Day 1, 8/02/2002
Athens to Mykonos
Upon arriving at Athens International Airport, we immediately proceeded to level two to purchase ferry tickets from an Athens port, Piraeus or Rafina, to Mykonos Island. (Travel tip: The airport has many travel service counters in the airport; there are airline counters, ferry sales counters, hotel reservation counters-basically a lot of counters where everyone speaks English and can offer assistance in last minute travel planning.) Well, there were no available tickets from Piraeus, but three tickets were available from Rafina.
There is a bus? Ok, good, good. Right outside the airport? There are signs for bus lines? Good, good.
And since Paul, Joe, nor I could read Greek we decided the best way to avoid getting on the wrong bus would be to ask the driver, ?Rafina port?? Before getting on. I know this plan is not exactly high on the original travel in a foreign country plan list, but it is always a failsafe.
Boarding my first Greek ferry was a memorable experience, like no other cruise ship or vessel I have ever boarded. The massive ferry sounded its horn as cars, scooters, and trucks enter the lower level between passenger stairways. We walked up to level nine- deck class, and found two available benches for us settle in. On the way we met Sean, a very friendly American from London. He was truly a sweetheart- offered to pick up the tab for the first round!
We SPF was applied to the face, removed the shirts and rolled pant legs up, sat back, and discussed travel, work, the US, London, and plans for Mykonos. Soon the dried cranberry trail mix and Nodine?s beef jerky was removed from my pack. The sun began setting, and we all shared our first Mediterranean sunset. A cloudless soft blue sky with warm coral, amber, and daffodil colored rays descending across the turquoise waters. Spirits couldn?t be any higher.
The six hours on the ferry had blissfully passed and we had arrived in Mykonos. It was time for us to bid adieu to Sean for he was traveling the Greek islands via a friend?s sailboat. Cheers mate! We made our walk through the crowd of hotel promoters and room renters holding catalogs and signs, begging for visitors to stop and look at what they could offer. Joseph and I would not be camping while traveling with Paul so we needed to find a room. I left decisions us to them- sometimes three people involved in a decision can be hazardous. Besides, I was very flexible. We finally allowed the innocent looking woman that offered us a ride to persuade us, and agreed on Hotel Kastelakia in Plati Gialos for 60 euro per night.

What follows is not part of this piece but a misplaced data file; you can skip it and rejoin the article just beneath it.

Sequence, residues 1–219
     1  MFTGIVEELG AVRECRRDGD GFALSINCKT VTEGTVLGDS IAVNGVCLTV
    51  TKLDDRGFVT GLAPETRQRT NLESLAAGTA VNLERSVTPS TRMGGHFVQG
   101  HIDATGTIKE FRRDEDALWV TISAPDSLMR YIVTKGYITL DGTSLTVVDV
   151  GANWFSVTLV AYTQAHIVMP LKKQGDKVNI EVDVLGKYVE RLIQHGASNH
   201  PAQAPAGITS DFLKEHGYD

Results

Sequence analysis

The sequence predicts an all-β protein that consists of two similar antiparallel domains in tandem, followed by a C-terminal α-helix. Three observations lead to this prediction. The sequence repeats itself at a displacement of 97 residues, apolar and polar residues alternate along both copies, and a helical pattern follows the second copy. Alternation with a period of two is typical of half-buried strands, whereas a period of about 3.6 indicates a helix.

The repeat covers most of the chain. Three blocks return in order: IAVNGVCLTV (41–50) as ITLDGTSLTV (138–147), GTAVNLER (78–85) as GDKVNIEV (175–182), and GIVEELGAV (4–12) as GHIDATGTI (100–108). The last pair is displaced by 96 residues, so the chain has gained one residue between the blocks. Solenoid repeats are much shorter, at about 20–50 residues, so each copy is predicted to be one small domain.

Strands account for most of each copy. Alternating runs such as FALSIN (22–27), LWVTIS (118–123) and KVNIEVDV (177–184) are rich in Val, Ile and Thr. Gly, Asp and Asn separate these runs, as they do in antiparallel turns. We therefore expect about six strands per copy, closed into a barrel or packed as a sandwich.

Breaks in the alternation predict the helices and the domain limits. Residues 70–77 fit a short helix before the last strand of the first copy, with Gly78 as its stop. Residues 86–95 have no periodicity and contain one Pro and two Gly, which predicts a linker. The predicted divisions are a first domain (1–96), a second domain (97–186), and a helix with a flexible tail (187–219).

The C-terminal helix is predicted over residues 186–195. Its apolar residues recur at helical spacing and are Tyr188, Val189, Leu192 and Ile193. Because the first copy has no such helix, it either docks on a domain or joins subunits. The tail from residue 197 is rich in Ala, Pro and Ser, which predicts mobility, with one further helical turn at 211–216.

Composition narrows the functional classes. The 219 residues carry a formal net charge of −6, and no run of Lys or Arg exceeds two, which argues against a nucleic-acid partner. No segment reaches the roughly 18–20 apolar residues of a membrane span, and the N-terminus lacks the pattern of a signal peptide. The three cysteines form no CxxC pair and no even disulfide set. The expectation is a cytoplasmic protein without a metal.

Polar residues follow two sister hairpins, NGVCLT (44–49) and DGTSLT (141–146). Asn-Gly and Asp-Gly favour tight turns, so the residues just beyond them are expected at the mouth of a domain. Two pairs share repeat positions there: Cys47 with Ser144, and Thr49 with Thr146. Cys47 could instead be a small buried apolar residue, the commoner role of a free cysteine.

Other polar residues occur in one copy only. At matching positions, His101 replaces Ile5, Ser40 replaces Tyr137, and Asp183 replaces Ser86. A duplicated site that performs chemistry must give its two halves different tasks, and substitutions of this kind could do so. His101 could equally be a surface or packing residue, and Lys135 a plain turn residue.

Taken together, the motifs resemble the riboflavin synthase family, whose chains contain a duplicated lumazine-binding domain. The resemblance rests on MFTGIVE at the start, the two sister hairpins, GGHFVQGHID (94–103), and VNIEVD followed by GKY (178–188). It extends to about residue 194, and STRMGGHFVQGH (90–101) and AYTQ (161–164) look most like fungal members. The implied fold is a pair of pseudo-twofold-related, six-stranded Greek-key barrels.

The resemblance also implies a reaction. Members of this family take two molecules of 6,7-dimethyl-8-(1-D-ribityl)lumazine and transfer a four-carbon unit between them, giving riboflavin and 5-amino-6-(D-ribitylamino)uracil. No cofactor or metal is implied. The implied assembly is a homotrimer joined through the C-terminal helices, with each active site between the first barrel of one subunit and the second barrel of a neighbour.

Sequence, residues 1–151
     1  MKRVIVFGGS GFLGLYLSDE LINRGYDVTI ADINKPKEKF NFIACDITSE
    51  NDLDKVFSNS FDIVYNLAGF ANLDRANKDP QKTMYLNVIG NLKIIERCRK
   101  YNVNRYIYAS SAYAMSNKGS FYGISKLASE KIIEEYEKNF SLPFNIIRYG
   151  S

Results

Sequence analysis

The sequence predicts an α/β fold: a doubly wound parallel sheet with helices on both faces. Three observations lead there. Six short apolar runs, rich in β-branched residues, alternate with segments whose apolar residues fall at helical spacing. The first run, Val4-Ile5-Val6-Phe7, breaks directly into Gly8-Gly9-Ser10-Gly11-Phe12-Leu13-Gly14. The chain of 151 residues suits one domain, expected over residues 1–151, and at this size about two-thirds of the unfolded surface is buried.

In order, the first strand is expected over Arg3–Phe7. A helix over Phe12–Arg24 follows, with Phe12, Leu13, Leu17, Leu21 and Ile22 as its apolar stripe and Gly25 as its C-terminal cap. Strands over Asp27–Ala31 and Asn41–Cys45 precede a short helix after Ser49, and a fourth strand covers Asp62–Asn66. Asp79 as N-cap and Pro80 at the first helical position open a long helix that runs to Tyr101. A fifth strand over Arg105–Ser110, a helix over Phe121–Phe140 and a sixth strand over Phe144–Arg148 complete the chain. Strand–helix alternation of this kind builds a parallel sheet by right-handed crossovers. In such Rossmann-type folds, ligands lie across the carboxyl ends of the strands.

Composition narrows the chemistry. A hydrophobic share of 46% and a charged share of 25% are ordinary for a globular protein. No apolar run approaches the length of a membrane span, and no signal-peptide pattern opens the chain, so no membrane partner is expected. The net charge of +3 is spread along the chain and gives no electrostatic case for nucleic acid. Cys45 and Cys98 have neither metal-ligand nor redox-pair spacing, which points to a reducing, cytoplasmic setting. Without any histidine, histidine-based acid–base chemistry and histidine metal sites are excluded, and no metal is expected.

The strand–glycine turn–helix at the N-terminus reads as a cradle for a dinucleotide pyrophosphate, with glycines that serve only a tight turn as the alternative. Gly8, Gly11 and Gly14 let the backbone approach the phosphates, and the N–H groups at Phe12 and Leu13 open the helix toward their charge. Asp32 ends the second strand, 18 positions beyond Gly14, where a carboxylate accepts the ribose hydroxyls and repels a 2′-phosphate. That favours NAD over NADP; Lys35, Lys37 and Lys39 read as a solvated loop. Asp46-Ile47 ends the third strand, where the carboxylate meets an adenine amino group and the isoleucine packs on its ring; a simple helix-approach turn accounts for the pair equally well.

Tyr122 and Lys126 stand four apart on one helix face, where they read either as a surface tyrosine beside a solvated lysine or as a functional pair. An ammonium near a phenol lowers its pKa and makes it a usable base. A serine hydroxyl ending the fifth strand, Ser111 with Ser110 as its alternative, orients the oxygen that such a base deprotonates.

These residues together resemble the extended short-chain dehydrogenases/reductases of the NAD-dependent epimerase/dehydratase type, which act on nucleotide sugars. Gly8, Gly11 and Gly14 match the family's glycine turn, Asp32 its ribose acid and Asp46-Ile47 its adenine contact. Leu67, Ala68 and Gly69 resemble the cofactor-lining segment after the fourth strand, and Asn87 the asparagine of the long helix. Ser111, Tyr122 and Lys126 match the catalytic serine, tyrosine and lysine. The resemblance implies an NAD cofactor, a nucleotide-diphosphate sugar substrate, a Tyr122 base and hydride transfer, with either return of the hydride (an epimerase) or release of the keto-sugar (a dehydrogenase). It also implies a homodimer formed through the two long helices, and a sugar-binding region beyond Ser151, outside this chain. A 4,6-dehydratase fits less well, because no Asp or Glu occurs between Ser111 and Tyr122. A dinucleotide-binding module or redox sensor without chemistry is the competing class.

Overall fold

The room was about 10ft x 10ft with one small 16in x 16in screen less window, containing three single beds, a private bathroom, and a small nightstand. Overall, the room was clean and simple, but with such a small window and no fan, we were being ripped off. It was too late to leave the agreement, so we dropped off our things, freshened up, and headed down the road to catch a bus back to the city.
I have always heard how Mykonos is a ?party? island, how the nightlife is very unique and exciting. One of my very good friends had just returned from Mykonos and said she had an ?amazingly brilliant time!? All I can say is if you enjoy being surrounded by trendy fashion including Gucci and Dior, very sexy men and women looking for even sexier mates, cocktail scents trickling in the air, expensive restaurants, jewelry boutique dealers dripping with gold, small linen shops, and large crowds of people wandering the streets before the midnight festivities begin, then Mykonos is your scene. The Cycladic architecture that houses the Cosmopolitan scene is quite breathtaking, and adds to the lush city atmosphere.
We dined on fresh Red Snapper at Sea Satin Restaurant below the five famous Mykonos windmills on the beach. Stray kittens curling at your feet, an occasionally lit candle on the table, a waiter that grants too much privacy, a punchbowl to replace a fingerbowl, and an unidentifiable appetizer are the details that surface in my memory. We did have a wonderful dinner, dining on fresh fish while enjoying a pleasant white. After the meal I stood up, grabbed my wine glass, walked several feet to the shore, finished the sip of wine that spun around the sides of the glass, then threw the glass into the rock reef as though I was christening Greece with my presence. I felt exhilarated, embraced by the sea, the island, and the country. I turned to Joe, watched him smile as I smiled back.
Things to remember:
>Break wine glasses against sea rocks whenever possible.
>Always recalculate bill totals- especially ones that are off by 104 euro.
>Decomposing windmills in the moonlight are extremely romantic.